Prime Minister John Key needs to distance himself from people who are "donkey deep" in work involving foreign trusts, Labour leader Andrew Little says.
Mr Key yesterday made an embarrassing disclosure of a link to a company specialising in foreign trusts, a day after kicking off an investigation into whether such trusts were too secretive.
The latest register of MPs' interests, published yesterday, showed Mr Key had a short-term deposit with Auckland-based trustee company Antipodes Trust Group.
The company described itself as a specialist provider of services for foreign trusts based in New Zealand.
This morning, Mr Little said the disclosure needed to be followed up by action. Mr Key was "clearly associated with people who are donkey deep in them [foreign trusts]," he told Radio New Zealand.
"He has got to distance himself from those people, and he has got to be very clear that this type of device - which is about allowing the mega wealthy of the world to avoid their tax obligations in their own countries - is not something that New Zealand is going to be part of. It is just wrong."
On its website home page, Antipodes Trust Group says New Zealand offers a "tax neutral environment for New Zealand-based foreign trusts which are a well-established vehicle for carefully managing the inter-generational transfer of wealth".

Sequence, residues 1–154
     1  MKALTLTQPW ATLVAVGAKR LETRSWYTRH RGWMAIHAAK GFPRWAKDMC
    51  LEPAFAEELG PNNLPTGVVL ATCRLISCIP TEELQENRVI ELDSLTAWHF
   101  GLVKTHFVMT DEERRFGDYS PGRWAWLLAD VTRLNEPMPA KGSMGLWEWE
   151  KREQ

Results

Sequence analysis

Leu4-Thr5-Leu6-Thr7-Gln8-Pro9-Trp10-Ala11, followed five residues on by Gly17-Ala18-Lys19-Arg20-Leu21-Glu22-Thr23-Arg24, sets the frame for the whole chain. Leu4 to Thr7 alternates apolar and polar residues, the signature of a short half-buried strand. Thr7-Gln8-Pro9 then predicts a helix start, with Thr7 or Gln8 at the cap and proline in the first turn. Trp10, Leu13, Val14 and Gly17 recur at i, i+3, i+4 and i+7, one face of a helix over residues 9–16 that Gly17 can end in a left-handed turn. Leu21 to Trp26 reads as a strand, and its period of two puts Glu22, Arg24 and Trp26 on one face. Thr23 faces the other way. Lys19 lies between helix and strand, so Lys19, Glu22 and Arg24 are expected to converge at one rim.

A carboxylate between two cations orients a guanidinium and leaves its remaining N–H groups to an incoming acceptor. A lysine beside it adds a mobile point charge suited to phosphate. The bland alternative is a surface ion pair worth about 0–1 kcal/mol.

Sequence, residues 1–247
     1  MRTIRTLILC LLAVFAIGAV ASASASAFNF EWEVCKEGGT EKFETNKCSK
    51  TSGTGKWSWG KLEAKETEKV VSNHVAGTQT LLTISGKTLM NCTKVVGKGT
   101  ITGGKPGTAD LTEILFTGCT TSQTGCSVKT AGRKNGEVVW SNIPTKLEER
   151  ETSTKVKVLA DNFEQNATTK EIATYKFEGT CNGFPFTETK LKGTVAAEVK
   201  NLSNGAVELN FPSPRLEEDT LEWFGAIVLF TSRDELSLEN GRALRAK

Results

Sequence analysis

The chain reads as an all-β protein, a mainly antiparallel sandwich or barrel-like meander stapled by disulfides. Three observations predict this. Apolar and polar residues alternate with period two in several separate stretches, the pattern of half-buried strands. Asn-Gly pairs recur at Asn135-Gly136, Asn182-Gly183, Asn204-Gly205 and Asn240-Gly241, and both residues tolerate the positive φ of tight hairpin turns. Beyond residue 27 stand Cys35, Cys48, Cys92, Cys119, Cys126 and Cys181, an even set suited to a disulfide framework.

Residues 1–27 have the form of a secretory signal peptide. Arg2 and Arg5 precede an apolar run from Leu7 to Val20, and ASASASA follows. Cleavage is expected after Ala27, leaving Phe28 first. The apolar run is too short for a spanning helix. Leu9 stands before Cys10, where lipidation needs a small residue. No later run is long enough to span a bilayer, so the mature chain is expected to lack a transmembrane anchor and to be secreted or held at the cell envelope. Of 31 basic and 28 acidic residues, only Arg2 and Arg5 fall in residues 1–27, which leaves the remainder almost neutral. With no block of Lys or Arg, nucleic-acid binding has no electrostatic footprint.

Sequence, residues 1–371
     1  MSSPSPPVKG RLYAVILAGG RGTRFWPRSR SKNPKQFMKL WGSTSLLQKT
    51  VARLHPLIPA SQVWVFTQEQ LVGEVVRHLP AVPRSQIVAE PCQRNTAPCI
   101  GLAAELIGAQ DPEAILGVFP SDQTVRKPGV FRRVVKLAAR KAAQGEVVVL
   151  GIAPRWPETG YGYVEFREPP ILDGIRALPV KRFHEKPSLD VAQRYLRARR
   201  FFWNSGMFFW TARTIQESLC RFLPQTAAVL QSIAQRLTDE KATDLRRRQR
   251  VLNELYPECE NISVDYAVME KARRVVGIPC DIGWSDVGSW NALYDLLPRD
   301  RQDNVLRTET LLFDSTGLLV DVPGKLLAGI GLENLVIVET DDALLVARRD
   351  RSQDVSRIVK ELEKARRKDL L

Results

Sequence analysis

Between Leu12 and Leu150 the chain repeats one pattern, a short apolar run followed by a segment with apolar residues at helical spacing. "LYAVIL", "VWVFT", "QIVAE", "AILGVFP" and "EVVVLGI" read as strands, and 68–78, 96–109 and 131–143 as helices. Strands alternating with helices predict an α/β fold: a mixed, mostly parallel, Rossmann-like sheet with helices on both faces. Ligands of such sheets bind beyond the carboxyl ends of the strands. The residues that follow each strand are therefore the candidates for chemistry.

It points to tax-free benefits, laws that protect client confidentiality and "limited" reporting requirements which mean the identities of settler and beneficiaries do not need to be disclosed - the exact issues which the Government's review is looking at.
Antipodes Trust Group's executive director, Ken Whitney, is Mr Key's lawyer.
A spokeswoman for the Prime Minister said his short-term deposit was used to pay for any costs incurred from his trusts.
Mr Whitney had changed firms in the past year and the short-term deposit had moved with him, which is why it showed up in the register.
Mr Key's link to the firm does not indicate any wrongdoing. But the timing is unfortunate for the Prime Minister, coming as New Zealand's foreign trusts and transparency are in the spotlight as a result of the Panama Papers document leak.
On Monday, Finance Minister Bill English launched an expert review of the foreign trust regime, led by tax expert John Shewan.
The review was immediately dismissed as a "whitewash" yesterday by Opposition MPs because of its narrow focus and Mr Shewan's past work on defending businesses in tax cases.
Green Party co-leader James Shaw said Mr Key's latest disclosure reinforced the need for a full, transparent inquiry.
Mr Little challenged Mr Key to follow British Prime Minister David Cameron's lead and release all of his personal tax records. Mr Key resisted, saying that to do so would lead to increasing creep into MPs' personal affairs., including their spouses. He expressed "total confidence" in his investments, most of which are held in a blind trust.
Mr Little tabled his own records dating from 2010, and said the Prime Minister also needed to come clean.
"He was the one who said [about spying legislation] 'Nothing to fear, nothing to hide'. I think the same applies, possibly even more so about tax affairs."
Mr Key shot back in the House, saying the Labour leader should be tabling his CV instead "because he will be out looking for another job soon" - a reference to Mr Little and Labour's recent poor poll results.